Bonus extras on the Blu-ray release include the featurettes “Thurman Then & Now” and “Just Your Average Red Band Featurette;” “Jingle Bells,” an adult version of the classic holiday song; gag reel; alternate opening and ending; and deleted scenes.
King Solomon’s Mines
King Solomon’s Mines (Olive Films) is the fourth of five adaptations of the adventure novel by H. Rider Haggard. Allan Quatermain (Richard Chamberlain) is hired by Jesse Huston (Sharon Stone) to find her father, who she believes disappeared in an attempt to find the fabled mines of King Solomon. Quatermain will meet a major obstacle in Colonel Bockner (Herbert Lom), a German explorer also on a quest to locate the mythic treasures. Neither Bockner nor his partner, the merciless Turkish slave trader Dogati (John Rhys-Davies), is pleased with the competition.
Made in 1985, during the Raiders of the Lost Ark craze, the film is a feeble attempt to duplicate the smooth blend of action and humor that Steven Spielberg achieved in Raiders… This is an obvious copy of the much better film. Director J. Lee Thompson presents nearly non-stop action, which includes gunfights, whippings, capture by hostile natives, angry lions, and explosions, most putting Quatermain in the midst of danger. The film has the look and feel of an action serial of the 1930’s with a story built on one cliffhanger after another. Despite the frequency of disasters, violence is on the tame side in accordance with the movie’s PG-13 rating.
This is a very straightforward film in which the good guys and bad guys are clearly delineated, with little nuance. Chamberlain makes for a dashing, if somewhat bland, action hero, and often looks as if he’s merely going through the motions. Lom’s Bockner is patterned on the silent pictures’ mustache twirling, eyebrow-raising villain, and his portrayal is a highlight. The attempts at humor sometimes work, and other times fall flat. For those who enjoy period adventure stories with well-staged action sequences, “King Solomon’s Mines” will satisfy. However, the 1950 version starring Stewart Granger and Deborah Kerr is far superior.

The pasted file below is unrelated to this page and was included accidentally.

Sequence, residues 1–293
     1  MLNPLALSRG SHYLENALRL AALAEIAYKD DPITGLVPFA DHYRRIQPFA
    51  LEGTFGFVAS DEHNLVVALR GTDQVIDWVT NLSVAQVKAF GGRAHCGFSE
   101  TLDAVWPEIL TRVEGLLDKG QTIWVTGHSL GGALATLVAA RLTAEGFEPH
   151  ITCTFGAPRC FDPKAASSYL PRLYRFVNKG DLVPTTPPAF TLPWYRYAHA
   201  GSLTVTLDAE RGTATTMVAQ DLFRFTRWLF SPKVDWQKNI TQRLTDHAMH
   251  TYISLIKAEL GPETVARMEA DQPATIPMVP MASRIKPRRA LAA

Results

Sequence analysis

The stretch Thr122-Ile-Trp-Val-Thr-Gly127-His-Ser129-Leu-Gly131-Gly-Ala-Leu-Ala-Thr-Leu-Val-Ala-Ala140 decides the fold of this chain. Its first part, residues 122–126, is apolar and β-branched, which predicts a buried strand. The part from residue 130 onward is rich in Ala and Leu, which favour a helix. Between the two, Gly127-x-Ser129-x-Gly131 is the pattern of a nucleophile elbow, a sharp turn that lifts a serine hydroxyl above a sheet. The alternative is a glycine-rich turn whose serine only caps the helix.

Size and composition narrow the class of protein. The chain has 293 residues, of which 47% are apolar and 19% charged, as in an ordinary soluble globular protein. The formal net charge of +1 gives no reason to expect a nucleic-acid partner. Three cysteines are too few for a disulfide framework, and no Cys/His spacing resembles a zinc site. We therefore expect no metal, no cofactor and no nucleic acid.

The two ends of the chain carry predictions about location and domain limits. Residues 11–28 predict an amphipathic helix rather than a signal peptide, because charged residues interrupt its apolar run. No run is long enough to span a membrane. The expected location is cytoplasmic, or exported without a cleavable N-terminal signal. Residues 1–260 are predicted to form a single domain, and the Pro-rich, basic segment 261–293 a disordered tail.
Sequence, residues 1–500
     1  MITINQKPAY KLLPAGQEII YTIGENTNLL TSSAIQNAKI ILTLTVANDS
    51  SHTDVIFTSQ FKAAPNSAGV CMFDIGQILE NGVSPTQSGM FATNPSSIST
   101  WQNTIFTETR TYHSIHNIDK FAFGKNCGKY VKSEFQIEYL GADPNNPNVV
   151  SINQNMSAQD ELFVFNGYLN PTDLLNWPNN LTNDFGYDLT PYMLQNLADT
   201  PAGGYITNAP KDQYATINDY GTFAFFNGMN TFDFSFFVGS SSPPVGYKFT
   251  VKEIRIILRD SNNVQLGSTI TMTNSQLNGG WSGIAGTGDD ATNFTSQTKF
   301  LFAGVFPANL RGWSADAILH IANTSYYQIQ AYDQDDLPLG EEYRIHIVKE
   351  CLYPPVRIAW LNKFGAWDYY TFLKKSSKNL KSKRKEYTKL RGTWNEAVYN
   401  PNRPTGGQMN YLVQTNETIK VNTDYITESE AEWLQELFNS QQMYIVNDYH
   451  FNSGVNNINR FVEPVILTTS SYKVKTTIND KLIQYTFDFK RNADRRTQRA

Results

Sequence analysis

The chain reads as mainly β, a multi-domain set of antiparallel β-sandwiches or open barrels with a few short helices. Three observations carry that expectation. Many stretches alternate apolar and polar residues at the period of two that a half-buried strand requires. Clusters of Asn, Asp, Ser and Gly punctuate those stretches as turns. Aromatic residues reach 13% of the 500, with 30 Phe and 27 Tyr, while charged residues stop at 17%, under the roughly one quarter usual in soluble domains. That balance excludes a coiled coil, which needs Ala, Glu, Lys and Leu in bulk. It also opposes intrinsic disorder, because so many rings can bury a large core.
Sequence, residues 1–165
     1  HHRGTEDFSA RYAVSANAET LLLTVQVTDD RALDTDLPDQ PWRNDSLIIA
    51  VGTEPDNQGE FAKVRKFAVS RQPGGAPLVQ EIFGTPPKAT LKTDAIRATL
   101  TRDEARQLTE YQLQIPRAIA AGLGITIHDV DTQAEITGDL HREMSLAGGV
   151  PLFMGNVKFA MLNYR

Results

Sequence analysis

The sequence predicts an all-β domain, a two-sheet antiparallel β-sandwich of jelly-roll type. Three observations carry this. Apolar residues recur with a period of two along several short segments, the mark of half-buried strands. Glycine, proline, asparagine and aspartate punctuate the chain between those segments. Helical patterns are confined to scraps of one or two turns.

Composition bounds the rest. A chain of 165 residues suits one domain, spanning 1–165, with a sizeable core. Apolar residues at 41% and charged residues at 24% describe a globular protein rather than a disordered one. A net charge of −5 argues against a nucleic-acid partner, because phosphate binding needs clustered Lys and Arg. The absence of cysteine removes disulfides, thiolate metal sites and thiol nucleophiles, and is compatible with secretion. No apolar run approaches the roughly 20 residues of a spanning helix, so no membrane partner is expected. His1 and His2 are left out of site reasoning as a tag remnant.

The widescreen Blu-ray release contains no bonus features.
Grace and Frankie: Season Two
Grace and Frankie: Season Two (Lionsgate) is about the misadventures of two 60+ women who are forced to live together when their husbands, Sol and Robert (Sam Waterston, Martin Sheen) confess they’re gay lovers and want to marry while they still have some time left on the planet. In Season One, Grace Hanson (Jane Fonda) and Frankie Bernstein (Lily Tomlin) dealt with this revelation in traditional sitcom fashion, their dialogue sprinkled with jokes that were at odds with them being shocked, feeling abandoned, and fearing an unknown future. Their plight seemed more a contrivance to hang one-liners on than a real, life-altering bombshell.
Season Two’s episodes are more firmly grounded in real-life problems and concerns, and the jokes better suited to the situations. It’s almost as if the writers were given an order to slow down, take a breath, exhale, and think up how to milk humor from Grace and Frankie’s new lifestyle.
The leads are both excellent. Fonda’s Grace is the more emotionally fragile Always looking like she stepped out of a fashion layout, Grace is class all the way. Frankie is stronger, earthier, and more eccentric in her ways. The two women living together creates plenty of opportunities for conflict, both comic and dramatic, but it all boils down to the fact that these two serve as each other’s support mechanism during a rough spell. What starts out as a resentful co-habitation out of financial necessity turns into camaraderie and ultimately friendship. They’re no longer young, so there are genuine concerns about losing regular male companionship, awkwardly re-entering the dating scene, and facing life as single women.
The main story lines in Season Two are Frankie going into business with Grace’s daughter (June Diane Raphael), Grace thinking about renewing a relationship with a one-time admirer, and Robert dealing with a health scare.
The only bonus features on the 3-disc widescreen DVD set is a gag reel.
3 Classic Films by Claude Chabrol